Heather Knits

Where Heather waffles on about knitting and anything else which crosses her mind.

Tuesday, August 08, 2006

Knitting with beads

This is some more catching up with things I have been doing but haven't got round to blogging about.

At the April meeting of our knitting group the theme was knitting with beads. We had a go at four different methods of incorporating beads into our knitting, these were all methods which required you to thread your beads onto your yarn first.

Here is the sample I produced, the yarn is Size 8 perle cotton, and the beads are No. 11, or at least I think that is what they are. These were some pre-strung beads I had left over from knitted beaded baubles I made a few years ago so I am not entirely sure what they are as I haven't got the ball band for the yarn or the bag for the beads any more.

The first two zigzags on the sample show slip stitch beading. This is when, on a knit row you stop just before the stitch you want your bead to be in front of, then you bring your yarn forward, slip the stitch purlwise, then push a bead up the yarn so that is sits in front of the slipped stitch, and then bring the yarn back and continue knitting as usual. You can do the same thing on a purl row but then you will bring the yarn to the back to place the stitch, and forward again to continue purling.

The difference between the two zigzags is that for the first one the beads were all added on the knit rows and on the second one the beads are all added on the purl rows. I think you could probably do a mixture of the two which would be quite interesting but you do have to be careful about getting the beads too close together or they wont lie flat.

The U shaped sample is adding the beads between the stitches on garter stitch. There are no slip stitches here, and the beads appear on the side away from you when you are adding them. To place a bead between two stitches you simply knit to the appropriate point, slip a bead up the thread so that it sits right next to the stitch you have just knitted, then you knit the next stitch, anchoring the bead in place. This is the same method used for the knitted baubles and also for the Victorian bead purses I have seen. If you add beads on all rows you get a reversible fabric. For this sample however I decided to only bead on one side so every alternate row is just plain knit. You can create interesting shaping by having more beads between each stitch.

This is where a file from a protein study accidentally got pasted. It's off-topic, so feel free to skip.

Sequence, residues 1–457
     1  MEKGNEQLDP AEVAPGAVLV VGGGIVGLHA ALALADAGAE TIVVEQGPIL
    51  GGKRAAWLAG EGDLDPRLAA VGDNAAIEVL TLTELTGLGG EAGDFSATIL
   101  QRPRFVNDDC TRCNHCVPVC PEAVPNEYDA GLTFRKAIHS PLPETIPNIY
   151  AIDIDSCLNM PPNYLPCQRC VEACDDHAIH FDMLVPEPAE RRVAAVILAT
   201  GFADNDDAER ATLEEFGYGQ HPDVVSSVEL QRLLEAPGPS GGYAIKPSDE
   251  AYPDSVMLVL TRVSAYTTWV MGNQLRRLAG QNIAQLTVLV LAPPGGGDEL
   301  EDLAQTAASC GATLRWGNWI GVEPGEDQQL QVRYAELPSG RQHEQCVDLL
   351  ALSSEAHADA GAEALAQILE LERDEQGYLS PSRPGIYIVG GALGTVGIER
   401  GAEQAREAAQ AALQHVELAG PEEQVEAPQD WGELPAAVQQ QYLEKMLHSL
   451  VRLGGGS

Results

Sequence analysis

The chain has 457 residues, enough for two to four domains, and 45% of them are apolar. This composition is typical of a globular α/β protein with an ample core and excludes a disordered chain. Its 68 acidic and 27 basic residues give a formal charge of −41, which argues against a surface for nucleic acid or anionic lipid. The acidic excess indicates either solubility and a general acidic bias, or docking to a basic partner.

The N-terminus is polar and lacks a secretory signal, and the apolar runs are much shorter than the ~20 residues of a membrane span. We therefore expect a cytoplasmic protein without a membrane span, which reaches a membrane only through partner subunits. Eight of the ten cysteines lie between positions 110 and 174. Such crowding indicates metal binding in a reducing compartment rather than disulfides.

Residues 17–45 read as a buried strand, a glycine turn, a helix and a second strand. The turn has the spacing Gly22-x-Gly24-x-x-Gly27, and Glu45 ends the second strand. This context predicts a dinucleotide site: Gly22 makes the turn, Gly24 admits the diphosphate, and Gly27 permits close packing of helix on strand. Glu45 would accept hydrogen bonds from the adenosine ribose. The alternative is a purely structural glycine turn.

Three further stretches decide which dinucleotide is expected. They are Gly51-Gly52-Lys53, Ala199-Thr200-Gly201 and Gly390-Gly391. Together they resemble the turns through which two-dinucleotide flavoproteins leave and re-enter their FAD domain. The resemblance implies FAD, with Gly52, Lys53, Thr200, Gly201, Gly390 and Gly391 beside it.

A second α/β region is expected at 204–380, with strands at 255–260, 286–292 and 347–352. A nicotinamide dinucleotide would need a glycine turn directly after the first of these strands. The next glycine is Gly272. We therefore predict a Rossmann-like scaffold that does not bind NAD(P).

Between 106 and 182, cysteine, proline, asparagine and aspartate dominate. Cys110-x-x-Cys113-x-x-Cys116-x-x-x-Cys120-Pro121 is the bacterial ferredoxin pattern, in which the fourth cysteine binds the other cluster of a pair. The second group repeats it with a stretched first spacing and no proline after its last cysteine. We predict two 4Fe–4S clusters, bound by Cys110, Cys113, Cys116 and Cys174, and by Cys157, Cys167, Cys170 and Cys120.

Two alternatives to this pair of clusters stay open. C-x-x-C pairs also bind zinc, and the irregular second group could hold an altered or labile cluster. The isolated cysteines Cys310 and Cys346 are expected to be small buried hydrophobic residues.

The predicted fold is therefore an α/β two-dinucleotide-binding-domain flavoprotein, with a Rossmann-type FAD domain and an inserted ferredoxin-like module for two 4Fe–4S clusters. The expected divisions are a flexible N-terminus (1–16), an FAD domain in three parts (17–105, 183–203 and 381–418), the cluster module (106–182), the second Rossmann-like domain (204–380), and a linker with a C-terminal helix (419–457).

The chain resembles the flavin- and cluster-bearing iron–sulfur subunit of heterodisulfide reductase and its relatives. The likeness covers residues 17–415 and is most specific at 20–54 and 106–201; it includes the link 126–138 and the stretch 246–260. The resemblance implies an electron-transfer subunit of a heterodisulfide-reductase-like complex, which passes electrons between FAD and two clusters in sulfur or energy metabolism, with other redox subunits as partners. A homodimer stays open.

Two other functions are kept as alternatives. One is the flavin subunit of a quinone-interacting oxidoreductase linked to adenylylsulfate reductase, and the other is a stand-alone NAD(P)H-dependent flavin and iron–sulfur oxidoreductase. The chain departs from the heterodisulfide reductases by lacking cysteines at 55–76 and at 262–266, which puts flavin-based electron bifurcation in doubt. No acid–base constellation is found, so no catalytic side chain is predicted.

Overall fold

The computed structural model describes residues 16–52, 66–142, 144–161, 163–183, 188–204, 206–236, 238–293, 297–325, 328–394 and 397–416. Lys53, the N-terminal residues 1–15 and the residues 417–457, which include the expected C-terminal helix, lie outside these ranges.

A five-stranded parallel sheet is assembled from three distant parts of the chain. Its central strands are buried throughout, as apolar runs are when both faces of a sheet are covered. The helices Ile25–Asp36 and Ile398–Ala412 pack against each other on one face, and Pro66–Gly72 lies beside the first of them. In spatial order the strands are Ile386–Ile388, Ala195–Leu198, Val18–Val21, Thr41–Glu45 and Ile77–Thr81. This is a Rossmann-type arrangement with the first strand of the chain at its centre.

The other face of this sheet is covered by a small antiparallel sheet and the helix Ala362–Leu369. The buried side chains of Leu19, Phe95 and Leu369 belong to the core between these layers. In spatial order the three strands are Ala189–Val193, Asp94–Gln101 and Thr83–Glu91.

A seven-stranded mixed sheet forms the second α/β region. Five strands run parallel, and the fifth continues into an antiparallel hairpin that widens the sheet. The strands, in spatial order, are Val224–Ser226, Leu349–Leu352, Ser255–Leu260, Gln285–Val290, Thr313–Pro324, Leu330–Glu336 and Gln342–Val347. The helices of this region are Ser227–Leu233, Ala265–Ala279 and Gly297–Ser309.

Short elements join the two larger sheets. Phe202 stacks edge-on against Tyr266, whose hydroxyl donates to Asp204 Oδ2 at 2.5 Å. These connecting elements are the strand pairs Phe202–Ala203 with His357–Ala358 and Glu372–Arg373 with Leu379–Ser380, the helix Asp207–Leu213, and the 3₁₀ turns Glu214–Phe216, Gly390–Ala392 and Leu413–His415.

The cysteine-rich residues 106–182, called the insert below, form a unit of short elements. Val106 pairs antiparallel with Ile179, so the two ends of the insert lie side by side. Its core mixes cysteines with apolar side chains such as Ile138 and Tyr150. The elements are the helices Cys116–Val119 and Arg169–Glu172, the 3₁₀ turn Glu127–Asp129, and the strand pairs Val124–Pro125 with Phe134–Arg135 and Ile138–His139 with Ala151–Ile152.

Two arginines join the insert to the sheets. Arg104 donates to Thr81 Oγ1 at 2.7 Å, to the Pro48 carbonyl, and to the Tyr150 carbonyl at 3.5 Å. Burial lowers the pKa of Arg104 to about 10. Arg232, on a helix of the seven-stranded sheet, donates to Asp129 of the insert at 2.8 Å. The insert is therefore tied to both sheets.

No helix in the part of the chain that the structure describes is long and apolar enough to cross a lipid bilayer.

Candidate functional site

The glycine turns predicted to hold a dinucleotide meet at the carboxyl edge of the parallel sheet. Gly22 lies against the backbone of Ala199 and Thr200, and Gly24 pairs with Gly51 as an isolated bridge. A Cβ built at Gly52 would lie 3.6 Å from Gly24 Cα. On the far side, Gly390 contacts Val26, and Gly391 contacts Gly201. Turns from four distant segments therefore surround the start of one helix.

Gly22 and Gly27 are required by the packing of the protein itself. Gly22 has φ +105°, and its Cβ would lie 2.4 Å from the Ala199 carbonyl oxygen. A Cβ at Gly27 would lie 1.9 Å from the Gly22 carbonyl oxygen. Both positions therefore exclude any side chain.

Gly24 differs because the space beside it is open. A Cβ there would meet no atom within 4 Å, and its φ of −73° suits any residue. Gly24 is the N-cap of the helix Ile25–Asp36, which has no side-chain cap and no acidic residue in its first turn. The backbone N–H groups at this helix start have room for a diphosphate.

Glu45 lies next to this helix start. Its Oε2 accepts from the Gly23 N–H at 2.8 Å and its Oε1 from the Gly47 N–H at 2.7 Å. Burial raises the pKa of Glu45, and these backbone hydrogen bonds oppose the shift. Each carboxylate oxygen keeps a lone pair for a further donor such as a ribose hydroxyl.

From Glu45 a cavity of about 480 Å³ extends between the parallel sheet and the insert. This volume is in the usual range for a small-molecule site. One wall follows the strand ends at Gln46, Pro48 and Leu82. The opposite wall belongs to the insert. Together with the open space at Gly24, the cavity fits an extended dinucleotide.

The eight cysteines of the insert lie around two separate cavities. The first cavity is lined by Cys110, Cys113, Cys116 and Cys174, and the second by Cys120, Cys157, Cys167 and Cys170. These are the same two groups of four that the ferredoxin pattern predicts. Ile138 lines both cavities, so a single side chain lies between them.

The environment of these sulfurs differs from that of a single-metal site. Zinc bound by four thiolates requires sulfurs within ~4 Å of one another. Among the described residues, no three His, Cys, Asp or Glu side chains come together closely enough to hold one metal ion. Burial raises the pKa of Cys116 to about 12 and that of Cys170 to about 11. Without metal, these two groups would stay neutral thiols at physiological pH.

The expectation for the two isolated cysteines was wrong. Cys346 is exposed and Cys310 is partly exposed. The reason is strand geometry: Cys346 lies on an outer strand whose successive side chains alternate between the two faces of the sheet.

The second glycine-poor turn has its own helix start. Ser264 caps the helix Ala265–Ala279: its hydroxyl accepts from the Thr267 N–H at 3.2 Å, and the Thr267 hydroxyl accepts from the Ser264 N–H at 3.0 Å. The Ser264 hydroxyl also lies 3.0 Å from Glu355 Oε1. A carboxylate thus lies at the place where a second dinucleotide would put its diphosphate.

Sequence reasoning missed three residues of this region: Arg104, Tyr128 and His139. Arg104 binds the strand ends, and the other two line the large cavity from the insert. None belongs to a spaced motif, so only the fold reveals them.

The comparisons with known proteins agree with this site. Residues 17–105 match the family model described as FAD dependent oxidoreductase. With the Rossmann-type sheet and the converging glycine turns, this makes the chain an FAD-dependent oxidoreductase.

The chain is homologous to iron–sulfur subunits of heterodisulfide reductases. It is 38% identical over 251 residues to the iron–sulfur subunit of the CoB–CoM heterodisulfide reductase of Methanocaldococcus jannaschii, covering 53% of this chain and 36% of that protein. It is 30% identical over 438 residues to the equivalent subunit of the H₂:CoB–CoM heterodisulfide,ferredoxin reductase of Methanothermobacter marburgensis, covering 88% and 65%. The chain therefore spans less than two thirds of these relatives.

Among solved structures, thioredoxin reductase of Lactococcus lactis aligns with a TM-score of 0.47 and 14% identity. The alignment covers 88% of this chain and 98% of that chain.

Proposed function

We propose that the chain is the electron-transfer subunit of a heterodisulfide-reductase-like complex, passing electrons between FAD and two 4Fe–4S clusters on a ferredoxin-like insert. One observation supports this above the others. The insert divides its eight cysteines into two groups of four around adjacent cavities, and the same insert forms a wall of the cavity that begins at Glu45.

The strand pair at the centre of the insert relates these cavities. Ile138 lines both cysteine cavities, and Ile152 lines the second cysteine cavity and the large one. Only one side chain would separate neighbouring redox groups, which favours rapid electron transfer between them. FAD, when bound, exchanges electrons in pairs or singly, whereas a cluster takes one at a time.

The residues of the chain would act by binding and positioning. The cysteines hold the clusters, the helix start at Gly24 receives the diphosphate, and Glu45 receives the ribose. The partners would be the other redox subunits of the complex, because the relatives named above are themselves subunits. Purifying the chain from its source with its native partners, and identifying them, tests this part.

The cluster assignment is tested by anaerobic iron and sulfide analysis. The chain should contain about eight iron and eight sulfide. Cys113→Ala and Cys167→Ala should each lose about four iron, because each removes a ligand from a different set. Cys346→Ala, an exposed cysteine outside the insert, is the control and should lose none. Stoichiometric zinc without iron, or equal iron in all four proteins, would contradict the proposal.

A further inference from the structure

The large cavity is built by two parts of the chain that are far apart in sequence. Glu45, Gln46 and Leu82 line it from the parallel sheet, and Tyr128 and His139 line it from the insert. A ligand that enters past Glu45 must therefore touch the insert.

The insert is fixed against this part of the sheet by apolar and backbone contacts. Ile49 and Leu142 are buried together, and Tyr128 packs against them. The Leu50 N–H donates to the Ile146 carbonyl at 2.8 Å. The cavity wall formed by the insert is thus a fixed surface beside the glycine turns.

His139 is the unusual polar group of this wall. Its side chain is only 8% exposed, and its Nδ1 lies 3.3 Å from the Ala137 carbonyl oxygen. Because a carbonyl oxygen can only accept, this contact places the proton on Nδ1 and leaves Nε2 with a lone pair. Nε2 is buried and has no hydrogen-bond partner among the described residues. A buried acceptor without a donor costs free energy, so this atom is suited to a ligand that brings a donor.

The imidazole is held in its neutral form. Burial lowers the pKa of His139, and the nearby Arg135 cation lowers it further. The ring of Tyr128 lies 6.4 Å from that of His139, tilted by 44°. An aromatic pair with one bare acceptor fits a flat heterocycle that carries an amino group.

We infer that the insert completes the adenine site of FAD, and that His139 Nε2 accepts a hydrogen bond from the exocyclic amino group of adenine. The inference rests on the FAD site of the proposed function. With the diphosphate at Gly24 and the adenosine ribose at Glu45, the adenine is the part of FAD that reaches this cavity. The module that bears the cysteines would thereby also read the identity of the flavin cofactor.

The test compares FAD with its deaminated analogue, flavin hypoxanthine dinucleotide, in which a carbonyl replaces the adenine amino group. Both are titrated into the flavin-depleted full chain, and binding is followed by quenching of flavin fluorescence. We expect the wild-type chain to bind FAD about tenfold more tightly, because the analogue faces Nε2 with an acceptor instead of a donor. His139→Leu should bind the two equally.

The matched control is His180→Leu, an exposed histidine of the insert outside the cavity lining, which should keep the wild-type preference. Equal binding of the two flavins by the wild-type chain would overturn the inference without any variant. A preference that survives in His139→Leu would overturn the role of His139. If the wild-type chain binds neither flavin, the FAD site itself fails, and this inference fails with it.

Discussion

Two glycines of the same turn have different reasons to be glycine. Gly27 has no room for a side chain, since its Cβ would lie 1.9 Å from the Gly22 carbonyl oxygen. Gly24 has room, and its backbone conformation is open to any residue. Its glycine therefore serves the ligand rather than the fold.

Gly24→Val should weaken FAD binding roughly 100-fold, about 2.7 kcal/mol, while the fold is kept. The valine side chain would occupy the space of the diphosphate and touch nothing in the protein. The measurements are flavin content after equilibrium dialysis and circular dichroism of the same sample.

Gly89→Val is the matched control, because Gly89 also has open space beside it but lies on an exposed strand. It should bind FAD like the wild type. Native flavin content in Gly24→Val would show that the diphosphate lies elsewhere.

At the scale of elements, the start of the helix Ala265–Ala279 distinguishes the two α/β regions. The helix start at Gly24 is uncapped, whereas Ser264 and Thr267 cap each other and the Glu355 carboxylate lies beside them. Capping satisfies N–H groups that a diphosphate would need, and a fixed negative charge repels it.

Finally the rather pathetic line of beads at the top of the sample is my attempt at close beading, this is bead knitting rather than beaded knitting (which the other methods are types of) and the bead actually sits on the stitch rather than in front of it in the slipped stitch method, or between stitches in the garter stitch method. I found it incredibly hard to get the bead to go through the stitch, probably because I knit quite tightly, close beading I feel is not for me.

After the workshop I was inspired to have a go at a bracelet, partially inspired also by one that Janine had made although I wanted something a bit narrower, and I wanted to experiment with increasing the number of beads between stitches more gradually. Here are the results:

It is surprisingly difficult to photograph your own wrist! I think I probably should have waited for Paul to come home so that I could borrow him and his superior photographic skills :-)

Edited to include a slightly better photograph of the bracelet laid flat.

Here is the fastening, using a rather nice button I found in John Lewis.
Although I failed to take a picture of the other side it is actually reversible. This is using the garter stitch beading between the stitches method, and increasing and then decreasing the number of beads between the stitches. This gives a shaped bracelet even though every row has the same number of knit stitches in it. If anyone is interested in the pattern let me know and I'll write it up and put it on the blog.


  • At 8:04 pm, Blogger Daisy said…

    Thanks for the explanation of the different ways of beading! It's really helped me to get my head round it. (I'm going on a course in October!)


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